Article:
Marijuana: Springs ballot question hits snag, House votes for MMJ and more 


About that ballot question

Every Vote Counts (facebook.com/EveryVoteCountsRAG), the group pushing Colorado Springs City Council to add a recreational-marijuana question to this November's ballot, did indeed speak before Council last week. But what came of it was ... not much.

"They did come and requested we consider putting a measure on the ballot but it was just sort of left hanging," writes Councilor Jan Martin in response to emailed questions. "Nothing was given to us ... with suggested ballot language."

Councilor Jill Gaebler adds, "A few people spoke, but until they come to us to discuss the actual ballot wording and allow the City Attorney to review, it's all just talk."

EVC leader Mark Slaugh says the lack of concrete information was a product of "miscommunication and scheduling conflicts" with City Council, and that the group indeed is planning on floating a question designed to undo the Springs' ban.

"You're correct in that they never had a copy of the ordinance," he writes via email. "We have been trying to track down meeting times to present it and many have been too busy to coordinate their schedule with mine. The effort is still underway and we hope they will allow us a choice."

Extraordinary enactment

The U.S. House of Representatives invigorated marijuana advocates everywhere last week, approving a measure that would bar the feds from acting against states' medical-marijuana laws. The amendment was attached to the Commerce, Justice & Science appropriations bill.

"None of the funds made available in this Act to the Department of Justice may be used ... to prevent such States from implementing their own State laws that authorize the use, distribution, possession, or cultivation of medical marijuana," it read. The vote was 219 to 189, drawing the support of 49 Republicans, including Colorado's Rep. Mike Coffman. Local Rep. Doug Lamborn voted against.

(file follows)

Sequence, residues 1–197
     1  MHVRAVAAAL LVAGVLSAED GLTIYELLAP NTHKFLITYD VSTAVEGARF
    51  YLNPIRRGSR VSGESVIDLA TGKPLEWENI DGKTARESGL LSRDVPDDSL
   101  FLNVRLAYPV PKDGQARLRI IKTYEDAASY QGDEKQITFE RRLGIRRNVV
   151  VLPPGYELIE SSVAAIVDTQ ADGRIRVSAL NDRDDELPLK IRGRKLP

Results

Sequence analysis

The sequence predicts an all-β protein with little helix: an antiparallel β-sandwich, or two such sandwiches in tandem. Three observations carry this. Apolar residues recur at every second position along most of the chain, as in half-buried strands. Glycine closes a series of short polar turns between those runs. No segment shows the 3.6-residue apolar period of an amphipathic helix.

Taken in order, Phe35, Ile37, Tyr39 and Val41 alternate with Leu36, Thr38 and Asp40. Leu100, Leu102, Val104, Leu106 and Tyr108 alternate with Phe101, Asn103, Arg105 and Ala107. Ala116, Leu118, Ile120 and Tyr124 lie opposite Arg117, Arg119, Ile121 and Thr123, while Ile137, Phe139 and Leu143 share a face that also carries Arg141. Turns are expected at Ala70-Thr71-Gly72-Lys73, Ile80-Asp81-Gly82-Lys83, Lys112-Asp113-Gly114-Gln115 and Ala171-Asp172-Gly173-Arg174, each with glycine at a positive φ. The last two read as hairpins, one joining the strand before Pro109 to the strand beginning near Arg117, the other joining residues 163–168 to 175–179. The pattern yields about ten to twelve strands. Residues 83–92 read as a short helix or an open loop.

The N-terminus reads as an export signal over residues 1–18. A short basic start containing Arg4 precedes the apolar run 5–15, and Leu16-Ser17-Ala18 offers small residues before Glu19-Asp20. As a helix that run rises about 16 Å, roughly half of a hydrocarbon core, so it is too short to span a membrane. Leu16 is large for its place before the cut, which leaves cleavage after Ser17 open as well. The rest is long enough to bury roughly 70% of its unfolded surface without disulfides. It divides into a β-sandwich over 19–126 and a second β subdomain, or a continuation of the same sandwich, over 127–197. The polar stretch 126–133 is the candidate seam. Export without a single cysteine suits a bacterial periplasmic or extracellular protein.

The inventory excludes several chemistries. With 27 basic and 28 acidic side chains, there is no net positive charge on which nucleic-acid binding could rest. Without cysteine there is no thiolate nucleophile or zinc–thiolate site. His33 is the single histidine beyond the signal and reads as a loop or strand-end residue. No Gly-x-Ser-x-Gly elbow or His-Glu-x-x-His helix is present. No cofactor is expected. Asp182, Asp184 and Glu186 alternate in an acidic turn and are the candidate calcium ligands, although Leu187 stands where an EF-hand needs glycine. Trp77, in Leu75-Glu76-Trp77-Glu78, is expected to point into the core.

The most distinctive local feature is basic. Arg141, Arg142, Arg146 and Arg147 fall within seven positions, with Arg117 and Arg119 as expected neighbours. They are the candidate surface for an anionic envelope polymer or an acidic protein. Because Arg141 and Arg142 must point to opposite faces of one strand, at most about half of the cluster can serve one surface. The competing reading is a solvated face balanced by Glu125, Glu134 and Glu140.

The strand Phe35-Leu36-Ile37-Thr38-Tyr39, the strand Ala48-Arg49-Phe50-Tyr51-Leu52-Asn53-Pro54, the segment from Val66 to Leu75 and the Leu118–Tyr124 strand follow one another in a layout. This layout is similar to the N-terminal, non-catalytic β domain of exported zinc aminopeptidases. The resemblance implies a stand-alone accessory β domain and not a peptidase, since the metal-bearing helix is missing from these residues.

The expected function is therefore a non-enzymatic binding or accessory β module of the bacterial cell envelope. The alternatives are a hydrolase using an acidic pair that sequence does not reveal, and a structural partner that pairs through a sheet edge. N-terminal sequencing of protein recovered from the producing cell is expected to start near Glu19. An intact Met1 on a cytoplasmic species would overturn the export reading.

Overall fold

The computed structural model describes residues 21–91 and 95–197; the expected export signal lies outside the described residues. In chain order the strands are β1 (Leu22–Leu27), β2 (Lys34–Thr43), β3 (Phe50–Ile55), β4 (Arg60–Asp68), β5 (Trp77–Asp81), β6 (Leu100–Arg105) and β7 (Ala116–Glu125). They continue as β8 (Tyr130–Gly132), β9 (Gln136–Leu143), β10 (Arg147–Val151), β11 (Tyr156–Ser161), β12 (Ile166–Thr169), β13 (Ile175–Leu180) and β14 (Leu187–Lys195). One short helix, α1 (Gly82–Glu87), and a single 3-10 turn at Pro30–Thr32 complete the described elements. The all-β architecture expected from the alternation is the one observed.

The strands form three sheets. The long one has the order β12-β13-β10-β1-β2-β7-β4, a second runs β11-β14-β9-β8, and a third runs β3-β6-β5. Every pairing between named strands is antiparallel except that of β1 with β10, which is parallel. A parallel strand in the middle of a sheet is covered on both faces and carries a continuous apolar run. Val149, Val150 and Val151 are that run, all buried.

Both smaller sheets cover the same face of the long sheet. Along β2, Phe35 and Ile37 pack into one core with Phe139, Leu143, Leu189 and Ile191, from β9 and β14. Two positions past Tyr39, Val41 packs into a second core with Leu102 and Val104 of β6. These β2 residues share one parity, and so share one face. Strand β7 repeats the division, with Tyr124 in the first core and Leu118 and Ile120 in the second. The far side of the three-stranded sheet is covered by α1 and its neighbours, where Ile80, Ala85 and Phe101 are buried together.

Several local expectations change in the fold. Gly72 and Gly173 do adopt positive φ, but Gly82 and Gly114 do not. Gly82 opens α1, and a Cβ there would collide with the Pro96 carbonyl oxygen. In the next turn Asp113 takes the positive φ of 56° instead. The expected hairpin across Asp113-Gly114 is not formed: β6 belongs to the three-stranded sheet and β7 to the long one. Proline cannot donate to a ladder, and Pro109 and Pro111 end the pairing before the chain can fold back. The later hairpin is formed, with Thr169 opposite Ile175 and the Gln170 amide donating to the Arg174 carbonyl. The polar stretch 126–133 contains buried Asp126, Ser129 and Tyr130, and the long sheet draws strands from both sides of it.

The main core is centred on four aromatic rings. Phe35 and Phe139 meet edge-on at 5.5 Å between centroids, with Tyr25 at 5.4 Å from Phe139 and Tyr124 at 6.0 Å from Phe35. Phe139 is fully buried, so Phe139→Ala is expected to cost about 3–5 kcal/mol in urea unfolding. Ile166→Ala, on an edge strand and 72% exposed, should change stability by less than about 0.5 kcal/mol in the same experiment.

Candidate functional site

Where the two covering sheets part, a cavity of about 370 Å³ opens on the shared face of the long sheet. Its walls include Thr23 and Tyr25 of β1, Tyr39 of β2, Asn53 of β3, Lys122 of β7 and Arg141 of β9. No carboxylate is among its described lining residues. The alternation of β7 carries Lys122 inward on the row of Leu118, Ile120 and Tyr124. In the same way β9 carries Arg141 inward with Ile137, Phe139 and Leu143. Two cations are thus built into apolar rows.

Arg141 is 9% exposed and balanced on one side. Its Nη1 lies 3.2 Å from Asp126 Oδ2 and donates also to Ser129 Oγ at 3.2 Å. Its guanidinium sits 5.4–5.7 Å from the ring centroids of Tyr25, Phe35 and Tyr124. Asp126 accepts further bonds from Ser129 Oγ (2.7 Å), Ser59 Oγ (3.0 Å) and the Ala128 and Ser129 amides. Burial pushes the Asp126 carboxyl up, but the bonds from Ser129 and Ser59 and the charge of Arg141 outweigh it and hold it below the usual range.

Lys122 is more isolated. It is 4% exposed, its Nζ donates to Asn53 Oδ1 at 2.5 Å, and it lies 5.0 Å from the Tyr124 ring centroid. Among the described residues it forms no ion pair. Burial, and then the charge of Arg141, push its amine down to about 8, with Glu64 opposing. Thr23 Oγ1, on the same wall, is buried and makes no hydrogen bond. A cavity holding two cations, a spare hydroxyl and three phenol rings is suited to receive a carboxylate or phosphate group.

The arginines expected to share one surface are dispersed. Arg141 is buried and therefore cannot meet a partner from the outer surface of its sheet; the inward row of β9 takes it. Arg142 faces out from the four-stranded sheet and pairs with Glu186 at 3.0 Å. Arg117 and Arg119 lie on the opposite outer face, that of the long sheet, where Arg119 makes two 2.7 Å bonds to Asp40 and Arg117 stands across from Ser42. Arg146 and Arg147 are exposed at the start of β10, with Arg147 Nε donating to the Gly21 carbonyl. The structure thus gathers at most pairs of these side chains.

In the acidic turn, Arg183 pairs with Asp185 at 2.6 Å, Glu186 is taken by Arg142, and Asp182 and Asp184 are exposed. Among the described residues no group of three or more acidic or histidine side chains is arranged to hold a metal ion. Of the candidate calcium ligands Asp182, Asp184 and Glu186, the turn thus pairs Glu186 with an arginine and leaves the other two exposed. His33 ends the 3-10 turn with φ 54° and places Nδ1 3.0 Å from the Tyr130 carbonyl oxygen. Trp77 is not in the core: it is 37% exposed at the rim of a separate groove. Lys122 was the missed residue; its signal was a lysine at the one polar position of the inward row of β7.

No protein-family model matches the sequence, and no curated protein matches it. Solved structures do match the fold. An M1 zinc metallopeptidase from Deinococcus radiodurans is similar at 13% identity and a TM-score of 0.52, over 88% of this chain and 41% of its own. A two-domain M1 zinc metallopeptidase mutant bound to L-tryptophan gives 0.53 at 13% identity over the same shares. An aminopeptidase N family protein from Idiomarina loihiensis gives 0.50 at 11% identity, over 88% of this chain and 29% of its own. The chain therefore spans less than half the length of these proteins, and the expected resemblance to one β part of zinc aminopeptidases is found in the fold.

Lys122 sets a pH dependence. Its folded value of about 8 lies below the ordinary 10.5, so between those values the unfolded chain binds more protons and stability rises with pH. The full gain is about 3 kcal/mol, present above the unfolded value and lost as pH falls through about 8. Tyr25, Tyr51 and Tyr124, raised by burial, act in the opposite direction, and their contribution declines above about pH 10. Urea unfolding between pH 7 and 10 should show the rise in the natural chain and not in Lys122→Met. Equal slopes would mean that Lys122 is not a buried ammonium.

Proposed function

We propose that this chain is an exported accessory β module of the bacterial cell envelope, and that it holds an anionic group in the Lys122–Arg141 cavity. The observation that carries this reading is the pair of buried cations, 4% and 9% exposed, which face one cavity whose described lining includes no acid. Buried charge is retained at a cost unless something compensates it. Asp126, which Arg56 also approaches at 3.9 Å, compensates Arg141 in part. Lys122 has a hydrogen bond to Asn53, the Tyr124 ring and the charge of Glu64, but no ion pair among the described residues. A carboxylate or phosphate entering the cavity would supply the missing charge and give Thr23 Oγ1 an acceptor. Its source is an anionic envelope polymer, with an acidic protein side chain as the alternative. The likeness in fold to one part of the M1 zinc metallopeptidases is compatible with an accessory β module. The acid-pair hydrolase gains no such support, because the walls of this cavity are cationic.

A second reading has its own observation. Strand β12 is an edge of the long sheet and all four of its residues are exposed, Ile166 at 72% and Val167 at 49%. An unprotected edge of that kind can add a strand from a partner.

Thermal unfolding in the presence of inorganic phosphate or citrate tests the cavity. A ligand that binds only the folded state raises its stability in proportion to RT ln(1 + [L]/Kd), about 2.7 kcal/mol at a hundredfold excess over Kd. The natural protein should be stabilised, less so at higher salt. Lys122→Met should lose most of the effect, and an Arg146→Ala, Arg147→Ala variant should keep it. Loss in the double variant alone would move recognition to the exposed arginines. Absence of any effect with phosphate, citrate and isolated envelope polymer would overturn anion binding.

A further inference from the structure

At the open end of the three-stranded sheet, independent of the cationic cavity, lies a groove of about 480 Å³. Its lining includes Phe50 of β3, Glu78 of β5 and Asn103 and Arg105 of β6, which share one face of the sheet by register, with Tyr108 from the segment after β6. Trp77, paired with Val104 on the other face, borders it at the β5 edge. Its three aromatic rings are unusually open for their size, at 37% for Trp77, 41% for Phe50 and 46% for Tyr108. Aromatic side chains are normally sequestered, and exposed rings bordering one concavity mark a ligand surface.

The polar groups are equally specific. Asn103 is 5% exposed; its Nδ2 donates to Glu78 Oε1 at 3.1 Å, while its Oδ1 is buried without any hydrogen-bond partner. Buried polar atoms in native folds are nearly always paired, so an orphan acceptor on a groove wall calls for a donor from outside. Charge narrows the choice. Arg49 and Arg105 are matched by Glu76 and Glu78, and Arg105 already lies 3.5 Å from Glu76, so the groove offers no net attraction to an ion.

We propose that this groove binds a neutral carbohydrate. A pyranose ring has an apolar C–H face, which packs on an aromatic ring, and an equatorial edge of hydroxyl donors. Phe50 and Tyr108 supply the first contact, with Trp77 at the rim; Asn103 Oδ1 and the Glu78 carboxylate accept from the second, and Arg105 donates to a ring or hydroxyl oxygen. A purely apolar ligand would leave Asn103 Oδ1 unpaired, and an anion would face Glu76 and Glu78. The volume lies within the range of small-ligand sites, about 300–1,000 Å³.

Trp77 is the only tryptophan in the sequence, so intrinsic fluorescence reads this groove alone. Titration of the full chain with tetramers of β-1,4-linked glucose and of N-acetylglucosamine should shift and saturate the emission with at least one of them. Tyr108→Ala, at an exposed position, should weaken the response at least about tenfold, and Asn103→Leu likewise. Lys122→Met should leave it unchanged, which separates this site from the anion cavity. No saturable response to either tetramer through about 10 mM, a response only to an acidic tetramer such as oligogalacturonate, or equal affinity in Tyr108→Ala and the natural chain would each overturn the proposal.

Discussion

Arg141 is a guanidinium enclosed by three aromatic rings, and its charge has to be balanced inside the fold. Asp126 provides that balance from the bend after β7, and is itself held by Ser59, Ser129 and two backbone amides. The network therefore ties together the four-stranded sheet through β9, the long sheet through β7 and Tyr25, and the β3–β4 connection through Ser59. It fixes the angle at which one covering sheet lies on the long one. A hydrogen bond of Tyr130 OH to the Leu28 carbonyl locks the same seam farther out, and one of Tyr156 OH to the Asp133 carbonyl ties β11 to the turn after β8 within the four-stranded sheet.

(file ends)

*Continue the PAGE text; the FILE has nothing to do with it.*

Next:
The full funding bill still has to be considered by the Senate; we left a voicemail with Sen. Mark Udall to determine his support, but it was unreturned as of press time. In an emailed statement from his press office, Sen. Michael Bennet says: "Generally, Senator Bennet believes the federal government should find ways to honor and respect Colorado state laws dealing with legitimate medical marijuana use," it reads.

Even if the amended bill were signed into law, it's unclear what the effect would be, as Vanderbilt University law professor Robert Mikos told the Denver Post last week. "It would be difficult to predict what this means."

Puff, puff, puff ...

Hit the Lazy Lion (2502 E. Bijou St., thelazylion420.com) at 4:20 p.m., Saturday, June 7, to prove your puffing prowess at its Bong-a-Thon. The person fastest to smoke a gram gets free tickets to the 31st Colorado Invitational Bong-a-Thon in Denver on Aug. 2.


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